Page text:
• Worth noting: Unlike the NBA and NHL, which could restart their seasons and play into the late summer, MLB can't extend its season all that far due to the weather (November baseball isn't going to work in most cities). So that makes this a particularly alarming situation for baseball.
Photo: David Rosenblum/Icon Sportswire via Getty Images

⛳️ PGA: After playing the first round of the Players Championship (Hideki Matsuyama tied a course record with a 63) and announcing that the tournament would continue through the weekend with no spectators, the PGA Tour changed course last night and canceled it.

  • What to watch: The next tournament on the PGA Tour calendar is the Masters, which is slated to begin April 9...

Elsewhere:

  • ⚽️ Soccer: In addition to the suspension of MLS, the USMNT and USWNT friendlies in March and April have been canceled.
  • 🏈 Football: The NFL canceled its annual owners' meeting set for later this month (no word on changes to April's draft), and the XFL canceled its season.
  • 🎾 Tennis: All men's and women's events have been canceled until April 20 at the earliest.
  • 🏁 Auto racing: Formula 1 canceled the Australian Grand Prix, while NASCAR and Indy Car still plan on holding races this weekend, albeit with no fans.
  • πŸ‡―πŸ‡΅ Olympics: President Trump's suggestion to postpone the Tokyo Olympics for a year was immediately shot down by Japan's Olympic minister.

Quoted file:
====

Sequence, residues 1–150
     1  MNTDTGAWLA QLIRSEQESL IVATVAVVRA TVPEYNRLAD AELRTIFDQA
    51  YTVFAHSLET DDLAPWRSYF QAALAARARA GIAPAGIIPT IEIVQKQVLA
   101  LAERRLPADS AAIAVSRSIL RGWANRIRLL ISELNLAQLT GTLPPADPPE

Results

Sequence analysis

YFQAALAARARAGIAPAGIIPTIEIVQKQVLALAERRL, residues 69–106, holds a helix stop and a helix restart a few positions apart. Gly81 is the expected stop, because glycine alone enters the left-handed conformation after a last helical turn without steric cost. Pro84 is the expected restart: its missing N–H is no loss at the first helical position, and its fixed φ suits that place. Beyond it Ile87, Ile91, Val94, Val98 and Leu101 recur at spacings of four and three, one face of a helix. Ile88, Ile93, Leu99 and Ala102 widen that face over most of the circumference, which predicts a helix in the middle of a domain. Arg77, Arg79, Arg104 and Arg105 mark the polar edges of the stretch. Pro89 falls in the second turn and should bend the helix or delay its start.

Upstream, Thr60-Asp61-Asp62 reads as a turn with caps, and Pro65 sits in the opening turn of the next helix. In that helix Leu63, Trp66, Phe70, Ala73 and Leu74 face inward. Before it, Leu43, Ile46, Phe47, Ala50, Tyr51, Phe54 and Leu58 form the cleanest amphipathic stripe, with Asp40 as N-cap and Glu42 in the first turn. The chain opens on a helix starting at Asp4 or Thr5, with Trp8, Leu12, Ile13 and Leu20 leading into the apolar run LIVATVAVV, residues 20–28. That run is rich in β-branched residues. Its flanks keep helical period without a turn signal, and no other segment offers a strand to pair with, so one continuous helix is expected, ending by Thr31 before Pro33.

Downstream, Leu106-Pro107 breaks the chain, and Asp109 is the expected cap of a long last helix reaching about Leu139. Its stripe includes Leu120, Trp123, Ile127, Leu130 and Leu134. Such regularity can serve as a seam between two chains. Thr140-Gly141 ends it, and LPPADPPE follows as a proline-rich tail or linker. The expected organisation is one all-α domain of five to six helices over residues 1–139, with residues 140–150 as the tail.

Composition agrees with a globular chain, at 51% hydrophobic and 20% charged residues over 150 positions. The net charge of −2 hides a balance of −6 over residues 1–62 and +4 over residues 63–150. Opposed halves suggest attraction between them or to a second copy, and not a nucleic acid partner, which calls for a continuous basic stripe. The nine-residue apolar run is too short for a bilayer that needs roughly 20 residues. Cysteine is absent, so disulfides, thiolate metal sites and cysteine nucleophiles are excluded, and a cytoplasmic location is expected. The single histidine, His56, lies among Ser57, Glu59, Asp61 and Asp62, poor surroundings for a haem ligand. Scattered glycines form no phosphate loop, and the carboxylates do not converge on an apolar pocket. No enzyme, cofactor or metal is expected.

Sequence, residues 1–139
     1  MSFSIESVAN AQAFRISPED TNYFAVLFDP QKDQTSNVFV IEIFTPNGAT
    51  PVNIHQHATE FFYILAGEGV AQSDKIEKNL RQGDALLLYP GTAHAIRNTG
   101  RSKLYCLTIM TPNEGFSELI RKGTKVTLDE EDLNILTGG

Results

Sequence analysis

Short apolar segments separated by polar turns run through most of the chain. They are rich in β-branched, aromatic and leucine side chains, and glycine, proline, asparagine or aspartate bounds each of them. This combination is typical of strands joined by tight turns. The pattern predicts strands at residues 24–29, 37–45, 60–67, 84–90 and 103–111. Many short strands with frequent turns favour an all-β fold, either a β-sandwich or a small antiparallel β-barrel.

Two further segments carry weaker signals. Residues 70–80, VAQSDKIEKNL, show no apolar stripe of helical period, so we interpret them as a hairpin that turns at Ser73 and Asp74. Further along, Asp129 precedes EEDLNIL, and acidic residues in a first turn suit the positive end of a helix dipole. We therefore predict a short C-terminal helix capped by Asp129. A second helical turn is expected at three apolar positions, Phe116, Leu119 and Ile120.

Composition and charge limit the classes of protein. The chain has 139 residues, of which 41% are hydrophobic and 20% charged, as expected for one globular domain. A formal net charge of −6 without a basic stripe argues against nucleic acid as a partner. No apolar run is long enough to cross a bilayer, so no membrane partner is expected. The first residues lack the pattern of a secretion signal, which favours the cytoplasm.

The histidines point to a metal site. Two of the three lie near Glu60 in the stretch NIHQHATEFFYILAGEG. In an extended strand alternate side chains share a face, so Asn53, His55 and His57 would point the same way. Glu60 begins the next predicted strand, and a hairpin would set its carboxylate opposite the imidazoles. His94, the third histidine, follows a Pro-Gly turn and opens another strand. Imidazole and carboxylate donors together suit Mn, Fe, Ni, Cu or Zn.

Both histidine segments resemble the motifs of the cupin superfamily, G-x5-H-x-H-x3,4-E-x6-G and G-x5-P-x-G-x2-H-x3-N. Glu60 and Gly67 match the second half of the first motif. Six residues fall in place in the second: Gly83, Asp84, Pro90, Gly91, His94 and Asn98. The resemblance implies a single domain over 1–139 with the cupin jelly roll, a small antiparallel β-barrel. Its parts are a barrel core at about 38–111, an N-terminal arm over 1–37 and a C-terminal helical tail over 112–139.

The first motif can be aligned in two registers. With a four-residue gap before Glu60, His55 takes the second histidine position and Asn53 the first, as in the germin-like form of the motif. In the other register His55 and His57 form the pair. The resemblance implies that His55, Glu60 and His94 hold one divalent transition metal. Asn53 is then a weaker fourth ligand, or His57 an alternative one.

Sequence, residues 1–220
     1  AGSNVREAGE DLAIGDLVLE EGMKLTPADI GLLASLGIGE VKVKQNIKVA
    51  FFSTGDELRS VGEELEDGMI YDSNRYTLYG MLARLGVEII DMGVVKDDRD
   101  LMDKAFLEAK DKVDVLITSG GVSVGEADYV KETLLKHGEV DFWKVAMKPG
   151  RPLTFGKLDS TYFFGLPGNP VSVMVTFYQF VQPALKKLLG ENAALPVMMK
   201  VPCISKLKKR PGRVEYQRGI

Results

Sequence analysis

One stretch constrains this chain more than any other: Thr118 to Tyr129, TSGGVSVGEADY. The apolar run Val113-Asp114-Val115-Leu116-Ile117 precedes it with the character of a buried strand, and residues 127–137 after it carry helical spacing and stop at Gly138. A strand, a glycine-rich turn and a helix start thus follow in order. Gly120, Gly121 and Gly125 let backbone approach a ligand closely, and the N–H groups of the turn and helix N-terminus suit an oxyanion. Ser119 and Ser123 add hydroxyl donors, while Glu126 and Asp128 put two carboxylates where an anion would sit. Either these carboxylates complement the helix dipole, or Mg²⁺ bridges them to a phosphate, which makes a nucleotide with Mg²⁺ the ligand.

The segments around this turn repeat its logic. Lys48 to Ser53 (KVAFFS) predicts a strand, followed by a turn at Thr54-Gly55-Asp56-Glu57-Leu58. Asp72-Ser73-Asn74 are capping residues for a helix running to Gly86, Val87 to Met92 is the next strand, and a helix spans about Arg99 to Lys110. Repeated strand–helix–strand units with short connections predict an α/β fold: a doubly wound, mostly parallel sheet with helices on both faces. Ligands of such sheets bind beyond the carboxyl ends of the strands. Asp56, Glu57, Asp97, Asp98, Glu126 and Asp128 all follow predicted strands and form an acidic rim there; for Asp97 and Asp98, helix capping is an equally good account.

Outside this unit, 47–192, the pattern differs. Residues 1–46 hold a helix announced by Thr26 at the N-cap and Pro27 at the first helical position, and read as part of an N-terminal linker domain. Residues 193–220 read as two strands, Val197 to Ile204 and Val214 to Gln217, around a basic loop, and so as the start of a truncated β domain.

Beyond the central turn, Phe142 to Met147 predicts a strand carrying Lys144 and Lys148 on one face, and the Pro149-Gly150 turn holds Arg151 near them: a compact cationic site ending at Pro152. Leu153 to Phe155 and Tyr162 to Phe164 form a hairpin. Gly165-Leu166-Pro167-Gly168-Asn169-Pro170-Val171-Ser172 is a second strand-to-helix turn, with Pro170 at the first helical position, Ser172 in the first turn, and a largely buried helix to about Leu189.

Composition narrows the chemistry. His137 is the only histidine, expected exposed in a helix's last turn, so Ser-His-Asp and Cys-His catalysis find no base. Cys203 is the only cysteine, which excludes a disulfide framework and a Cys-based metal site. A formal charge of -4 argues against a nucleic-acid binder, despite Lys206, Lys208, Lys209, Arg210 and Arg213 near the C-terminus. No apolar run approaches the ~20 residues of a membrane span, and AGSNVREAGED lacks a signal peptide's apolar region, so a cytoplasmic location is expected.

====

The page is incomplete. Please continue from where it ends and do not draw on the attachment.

4. πŸ“Ί How a sports outage impacts TV, advertising

Illustration: Rebecca Zisser/Axios

Without live sports for the foreseeable future, it's unclear what networks like ESPN and FS1 will broadcast in those time slots or what they'll talk about on their studio shows and radio programs during the day.

Why it matters: With so many Americans nesting at home, linear TV viewership was expected to spike. But without sports, streaming platforms, video games and other mediums will likely be the big winners instead.

The big picture: A prolonged sports outage could lead to an acceleration in cord-cutting, while also wreaking havoc on the advertising industry.

"One of the only reasons to advertise on TV in 2020 is sports. If sports aren't being played, that's going to be a huge issue for the ad market that could literally lead to a tailspin."
β€” Rich Greenfield, media analyst at LightShed Partners, tells Axios

Between the lines: Given the fluidity of the situation, there are many advertising-related questions that have yet to be answered.

  • What happens to the ad revenue that has already been booked? Do the networks give that money back?